We have access to major tourist attractions like Universal Studios, Disneyland Park, Hollywood Boulevard as well as beaches that are only 20 minutes away from campus. Having a change of pace and being able to have an experience like this is really a once in a lifetime opportunity and I feel lucky to be here.
Joe Mangan, ESSEC Business School
I’m a Junior Sophister Business & French student on exchange near Paris. Taking an Erasmus year is a compulsory part of my course and given the option of four different French universities and business schools, I naively chose the one located in an urban town outside Paris.
Having been here for two weeks, my biggest realisation has been the extent to which I took both Trinity and Dublin for granted. While ESSEC, as a business school, is ranked much higher than Trinity, the experience so far has been in no way comparable.
The ‘campus’ is a maze of interconnected buildings housing classrooms and lecture theatres that are proving harder to find than the entrance to the roof of the Museum Building. Lectures are three hours in length but much smaller in size and the notion of ‘Christmas exams’ has already been thrown around more than I’m comfortable with. On the plus side, we got to pick our own ID card photograph.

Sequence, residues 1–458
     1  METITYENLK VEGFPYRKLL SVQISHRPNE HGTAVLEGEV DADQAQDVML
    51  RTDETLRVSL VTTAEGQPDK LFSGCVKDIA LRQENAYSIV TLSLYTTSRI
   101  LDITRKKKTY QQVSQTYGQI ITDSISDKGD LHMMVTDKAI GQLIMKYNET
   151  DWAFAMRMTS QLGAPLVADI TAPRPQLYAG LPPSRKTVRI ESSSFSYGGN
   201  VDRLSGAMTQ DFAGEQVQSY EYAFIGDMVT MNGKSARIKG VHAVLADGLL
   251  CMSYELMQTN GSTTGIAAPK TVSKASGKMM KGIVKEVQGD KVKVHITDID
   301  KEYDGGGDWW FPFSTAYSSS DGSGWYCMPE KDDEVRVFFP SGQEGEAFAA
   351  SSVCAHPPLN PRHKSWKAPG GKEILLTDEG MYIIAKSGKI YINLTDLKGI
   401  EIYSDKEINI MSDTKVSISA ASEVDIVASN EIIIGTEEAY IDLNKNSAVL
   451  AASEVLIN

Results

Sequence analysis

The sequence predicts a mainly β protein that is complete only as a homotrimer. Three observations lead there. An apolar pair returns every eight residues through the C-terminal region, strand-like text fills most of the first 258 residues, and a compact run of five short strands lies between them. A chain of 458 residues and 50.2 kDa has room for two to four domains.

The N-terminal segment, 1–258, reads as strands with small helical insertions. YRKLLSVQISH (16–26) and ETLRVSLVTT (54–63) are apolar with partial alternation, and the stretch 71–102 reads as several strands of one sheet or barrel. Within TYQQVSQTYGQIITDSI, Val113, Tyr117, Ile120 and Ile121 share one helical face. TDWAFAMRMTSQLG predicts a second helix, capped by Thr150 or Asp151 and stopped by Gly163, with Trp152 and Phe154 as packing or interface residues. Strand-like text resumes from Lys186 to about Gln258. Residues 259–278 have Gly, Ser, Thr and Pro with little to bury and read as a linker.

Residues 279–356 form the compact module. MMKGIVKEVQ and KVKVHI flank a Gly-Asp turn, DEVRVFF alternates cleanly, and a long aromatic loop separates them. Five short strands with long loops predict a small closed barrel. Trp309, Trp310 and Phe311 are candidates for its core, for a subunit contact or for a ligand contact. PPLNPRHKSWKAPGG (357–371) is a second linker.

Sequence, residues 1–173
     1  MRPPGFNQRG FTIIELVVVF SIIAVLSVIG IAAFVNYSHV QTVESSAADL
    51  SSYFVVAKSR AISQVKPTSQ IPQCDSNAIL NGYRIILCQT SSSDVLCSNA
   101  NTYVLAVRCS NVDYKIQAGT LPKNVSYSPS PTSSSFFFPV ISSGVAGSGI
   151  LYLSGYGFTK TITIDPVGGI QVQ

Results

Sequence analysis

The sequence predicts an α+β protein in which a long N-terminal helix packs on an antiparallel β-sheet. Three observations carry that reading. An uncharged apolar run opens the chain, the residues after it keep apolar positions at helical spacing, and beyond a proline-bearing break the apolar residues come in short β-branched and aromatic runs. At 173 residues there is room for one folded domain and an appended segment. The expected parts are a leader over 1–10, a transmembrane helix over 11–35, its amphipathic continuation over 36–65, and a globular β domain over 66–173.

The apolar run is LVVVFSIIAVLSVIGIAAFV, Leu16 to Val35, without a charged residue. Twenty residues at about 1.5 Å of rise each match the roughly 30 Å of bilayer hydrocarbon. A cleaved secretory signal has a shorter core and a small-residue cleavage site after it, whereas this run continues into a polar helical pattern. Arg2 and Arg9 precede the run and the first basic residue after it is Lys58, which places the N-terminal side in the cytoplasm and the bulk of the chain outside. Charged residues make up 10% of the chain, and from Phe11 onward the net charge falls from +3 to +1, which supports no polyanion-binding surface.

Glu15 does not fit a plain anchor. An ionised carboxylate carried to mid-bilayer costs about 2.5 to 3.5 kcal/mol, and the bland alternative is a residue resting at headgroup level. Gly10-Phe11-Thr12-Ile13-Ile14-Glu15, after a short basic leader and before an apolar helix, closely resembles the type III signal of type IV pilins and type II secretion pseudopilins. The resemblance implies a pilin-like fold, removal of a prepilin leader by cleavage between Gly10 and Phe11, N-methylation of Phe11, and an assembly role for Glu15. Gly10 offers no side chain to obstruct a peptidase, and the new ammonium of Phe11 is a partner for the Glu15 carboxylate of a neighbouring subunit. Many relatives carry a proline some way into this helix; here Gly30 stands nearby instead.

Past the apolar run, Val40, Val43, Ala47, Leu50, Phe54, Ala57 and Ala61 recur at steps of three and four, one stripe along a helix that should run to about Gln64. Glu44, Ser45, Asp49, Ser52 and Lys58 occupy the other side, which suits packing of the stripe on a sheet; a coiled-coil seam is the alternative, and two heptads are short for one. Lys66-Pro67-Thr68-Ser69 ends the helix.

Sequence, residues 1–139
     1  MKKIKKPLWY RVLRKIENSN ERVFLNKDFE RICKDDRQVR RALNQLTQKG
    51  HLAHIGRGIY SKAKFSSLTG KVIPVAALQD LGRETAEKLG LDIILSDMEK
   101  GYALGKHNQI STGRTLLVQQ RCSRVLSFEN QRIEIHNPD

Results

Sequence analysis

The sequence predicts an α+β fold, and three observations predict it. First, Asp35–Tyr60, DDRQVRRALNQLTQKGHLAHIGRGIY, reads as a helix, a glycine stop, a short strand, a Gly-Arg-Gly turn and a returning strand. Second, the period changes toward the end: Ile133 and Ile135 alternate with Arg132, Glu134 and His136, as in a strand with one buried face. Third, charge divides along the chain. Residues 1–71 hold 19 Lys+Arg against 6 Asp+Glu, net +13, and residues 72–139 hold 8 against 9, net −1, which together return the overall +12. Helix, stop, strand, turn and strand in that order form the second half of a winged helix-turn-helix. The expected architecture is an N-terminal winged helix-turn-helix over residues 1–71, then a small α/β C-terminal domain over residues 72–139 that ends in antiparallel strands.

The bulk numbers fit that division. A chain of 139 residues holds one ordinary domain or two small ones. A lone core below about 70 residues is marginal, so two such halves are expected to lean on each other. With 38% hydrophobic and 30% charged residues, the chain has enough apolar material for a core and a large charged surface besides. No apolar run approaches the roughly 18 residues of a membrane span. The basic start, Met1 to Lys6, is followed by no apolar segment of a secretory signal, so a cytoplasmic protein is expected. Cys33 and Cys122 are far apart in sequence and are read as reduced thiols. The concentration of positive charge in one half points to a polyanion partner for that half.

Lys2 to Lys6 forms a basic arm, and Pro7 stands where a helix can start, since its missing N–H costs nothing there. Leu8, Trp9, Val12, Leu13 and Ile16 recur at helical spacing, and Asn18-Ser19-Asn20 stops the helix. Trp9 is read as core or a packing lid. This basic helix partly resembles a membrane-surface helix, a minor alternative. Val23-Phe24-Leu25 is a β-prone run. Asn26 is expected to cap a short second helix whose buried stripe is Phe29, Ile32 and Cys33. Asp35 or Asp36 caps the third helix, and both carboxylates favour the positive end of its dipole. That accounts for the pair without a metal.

Stepping outside the main door, you’re greeted by Cergy: a town built from scratch in the 1970’s that has been largely untouched since. Its 14 top attractions, as named by the website Tripadvisor, include three taxi companies and a two listings for the same swimming pool. There is also a man who cooks and sells corn-on-the-cob in a shopping trolley at the train station. It’s an interesting place to say the least.
Despite it’s shortcomings, the mere 40-minute train ride to central Paris is a redeeming aspect. As someone who had never been, I can truly say that is fast becoming one of my favourite places.
A complimentary boat tour on the Seine, organised by ESSEC’s International Student Society, followed by a night of drinking from wine bottles on Rue Princesse, gave a speck of hope for the year to come.